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Stanley Goldblum

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BUSINESS
October 16, 1987
Stanley Goldblum has resigned as president, chief operating officer and a director of Century MediCorp, to pursue other business interests. Jacob Y. Terner, the Los Angeles company's chairman and CEO, has assumed the responsibilities of president and chief operating officer. Century MediCorp owns and operates East Los Angeles Doctors Hospital and manages seven medical centers.
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BUSINESS
June 1, 1996 | STUART SILVERSTEIN, TIMES STAFF WRITER
A neurosurgeon accused of masterminding one of the biggest workers' compensation scams in Southern California in the late 1980s and early 1990s has been hit with additional criminal charges in the alleged fraud. The expanded indictment announced Friday by the Los Angeles County District Attorney's office against the doctor, David Gardner, 53, also named two new defendants in the case.
BUSINESS
February 17, 1999 | JONATHAN GAW, TIMES STAFF WRITER
A Los Angeles man with links to notorious fraud schemes was arrested Tuesday for allegedly submitting false information to obtain a $150,000 loan from a Costa Mesa lender. Stanley Goldblum, 72, was arrested as he was attending a court hearing in Los Angeles on unrelated charges that he participated in a scheme to operate a number of medical clinics that allegedly bilked the workers' compensation system, Costa Mesa police said. Goldblum was out on $2 million bail stemming from that case.
BUSINESS
July 30, 1993 | STUART SILVERSTEIN, TIMES STAFF WRITER
Primedex Corp., one of the biggest and most controversial workers' compensation medical enterprises in Southern California, announced Thursday that it is pulling out of the business of treating injured employees. The Culver City-based firm--whose referral and billing practices are under investigation by the Federal Bureau of Investigation and the Los Angeles County District Attorney's office--said it will lay off 225 of its 300 employees.
BUSINESS
November 2, 1995 | STUART SILVERSTEIN, TIMES STAFF WRITER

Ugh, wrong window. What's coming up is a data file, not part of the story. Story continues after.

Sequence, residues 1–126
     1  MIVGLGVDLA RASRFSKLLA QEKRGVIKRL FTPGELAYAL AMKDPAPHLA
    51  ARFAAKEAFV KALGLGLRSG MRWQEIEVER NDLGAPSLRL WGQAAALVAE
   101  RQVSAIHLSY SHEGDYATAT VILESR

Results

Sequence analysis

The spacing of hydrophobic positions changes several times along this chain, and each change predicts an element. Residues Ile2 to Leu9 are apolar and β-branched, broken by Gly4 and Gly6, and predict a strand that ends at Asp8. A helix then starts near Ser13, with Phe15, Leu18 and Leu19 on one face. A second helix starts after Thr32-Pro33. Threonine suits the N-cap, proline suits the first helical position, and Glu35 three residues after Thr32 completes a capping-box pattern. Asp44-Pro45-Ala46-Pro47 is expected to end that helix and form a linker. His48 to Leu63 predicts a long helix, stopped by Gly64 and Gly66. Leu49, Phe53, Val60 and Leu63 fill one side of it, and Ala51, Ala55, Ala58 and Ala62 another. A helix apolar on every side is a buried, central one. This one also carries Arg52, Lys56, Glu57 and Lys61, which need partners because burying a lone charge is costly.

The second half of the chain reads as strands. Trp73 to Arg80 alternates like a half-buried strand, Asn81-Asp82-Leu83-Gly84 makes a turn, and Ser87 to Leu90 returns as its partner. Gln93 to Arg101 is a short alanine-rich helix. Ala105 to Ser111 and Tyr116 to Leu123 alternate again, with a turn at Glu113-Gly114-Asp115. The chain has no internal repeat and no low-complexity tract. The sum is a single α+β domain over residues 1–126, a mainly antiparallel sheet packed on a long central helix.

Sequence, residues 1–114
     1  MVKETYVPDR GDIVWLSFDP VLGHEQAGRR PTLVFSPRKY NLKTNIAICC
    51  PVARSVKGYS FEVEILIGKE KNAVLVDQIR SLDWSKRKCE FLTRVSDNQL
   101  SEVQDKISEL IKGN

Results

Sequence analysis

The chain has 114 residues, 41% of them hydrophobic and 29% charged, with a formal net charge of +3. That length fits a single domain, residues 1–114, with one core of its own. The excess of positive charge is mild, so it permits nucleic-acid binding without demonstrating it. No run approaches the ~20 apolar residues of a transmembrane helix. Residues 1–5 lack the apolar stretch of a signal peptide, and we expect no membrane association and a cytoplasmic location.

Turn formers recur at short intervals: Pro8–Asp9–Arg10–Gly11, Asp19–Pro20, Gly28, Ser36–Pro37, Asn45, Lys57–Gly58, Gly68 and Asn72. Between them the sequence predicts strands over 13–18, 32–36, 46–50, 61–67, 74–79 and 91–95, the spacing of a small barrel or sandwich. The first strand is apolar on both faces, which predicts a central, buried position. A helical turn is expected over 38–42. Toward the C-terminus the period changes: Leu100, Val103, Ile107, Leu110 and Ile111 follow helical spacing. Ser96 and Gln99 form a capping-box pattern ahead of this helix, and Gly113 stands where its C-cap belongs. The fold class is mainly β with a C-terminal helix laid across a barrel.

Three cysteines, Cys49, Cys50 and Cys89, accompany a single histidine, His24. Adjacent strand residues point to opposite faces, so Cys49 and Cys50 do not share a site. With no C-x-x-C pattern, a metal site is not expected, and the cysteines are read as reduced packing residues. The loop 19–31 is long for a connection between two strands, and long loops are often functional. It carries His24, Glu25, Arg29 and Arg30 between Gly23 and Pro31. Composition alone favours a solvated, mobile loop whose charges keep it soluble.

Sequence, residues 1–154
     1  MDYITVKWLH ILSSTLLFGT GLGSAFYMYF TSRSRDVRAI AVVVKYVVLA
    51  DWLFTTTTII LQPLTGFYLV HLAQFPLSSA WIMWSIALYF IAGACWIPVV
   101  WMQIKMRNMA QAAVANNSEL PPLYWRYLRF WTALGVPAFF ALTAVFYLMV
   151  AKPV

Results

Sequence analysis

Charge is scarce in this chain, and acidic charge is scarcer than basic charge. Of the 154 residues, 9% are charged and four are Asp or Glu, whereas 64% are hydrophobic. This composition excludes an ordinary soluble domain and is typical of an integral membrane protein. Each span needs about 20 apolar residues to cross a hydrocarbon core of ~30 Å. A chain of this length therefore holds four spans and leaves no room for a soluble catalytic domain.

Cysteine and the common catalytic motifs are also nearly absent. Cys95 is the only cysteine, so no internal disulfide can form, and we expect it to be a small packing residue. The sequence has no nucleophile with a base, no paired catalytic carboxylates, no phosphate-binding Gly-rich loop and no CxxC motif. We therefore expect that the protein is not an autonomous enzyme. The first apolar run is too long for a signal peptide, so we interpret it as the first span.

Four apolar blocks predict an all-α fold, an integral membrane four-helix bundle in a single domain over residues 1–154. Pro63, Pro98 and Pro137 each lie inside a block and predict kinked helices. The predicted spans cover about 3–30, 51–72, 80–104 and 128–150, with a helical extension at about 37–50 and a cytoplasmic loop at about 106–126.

A neurosurgeon who founded one of the biggest and most controversial workers' compensation medical enterprises in Southern California during the early 1990s has been charged in what authorities are calling a $4.2-million tax-fraud and money-laundering conspiracy. The Los Angeles County district attorney's office announced Wednesday that it filed five felony counts against David G. Gardner, the Los Angeles doctor who founded the chain of workers' compensation clinics known as Primedex Corp.
CALIFORNIA | LOCAL
June 21, 2002 | MYRNA OLIVER, TIMES STAFF WRITER
Robert M. Loeffler, an attorney and court-appointed trustee praised for restructuring the scandal-ridden Equity Funding Corp. of America life insurance and securities firm in the mid-1970s after it was caught writing fictitious insurance policies to inflate assets, has died. He was 79. Loeffler died Tuesday at Cedars-Sinai Medical Center of cancer, said his longtime friend and colleague, attorney William D. Gould.
BUSINESS
March 23, 1987 | NANCY YOSHIHARA, Times Staff Writer
When John E. Anderson visited China a few years ago, he saw thousands of women wearing colorful nylon hats with wide brims. He especially liked the hats because they folded up compactly, so the attorney and entrepreneur made arrangements to import them to the United States. But when he returned home to Los Angeles, Anderson, an avid mail-order shopper, discovered Bloomingdale's had beat him to the idea--the New York retail chain featured the hats in one of its mail-order catalogues.
BUSINESS
April 25, 1993 | STUART SILVERSTEIN Times Staff Writer
Turn on daytime television, and it's seemingly impossible to miss the commercials. A helicopter newsman bursts onto the screen, "reporting" for something called "Injury Central." Soon a worker appears, writhing in pain after tumbling to the pavement while unloading a truck. And then comes the pitch: Call Injury Central toll-free to get "all the medical and monetary benefits available through your employer's insurance. This means no cost to you. You owe it to yourself and those who count on you."
BUSINESS
April 29, 1990 | PAUL RICHTER, TIMES STAFF WRITER
J. P. Morgan was accused of selling defective carbines to the Army, setting up an illegal steel trust and running the financial world like a puppeteer. Today he's largely remembered as the financier who averted a financial panic, enabled the U.S. Treasury to refinance its debts and helped build the American empire. The passage of years may similarly polish the reputation of Michael Milken, the junk bond pioneer who pleaded guilty to federal felony charges last week. But only if he's lucky.
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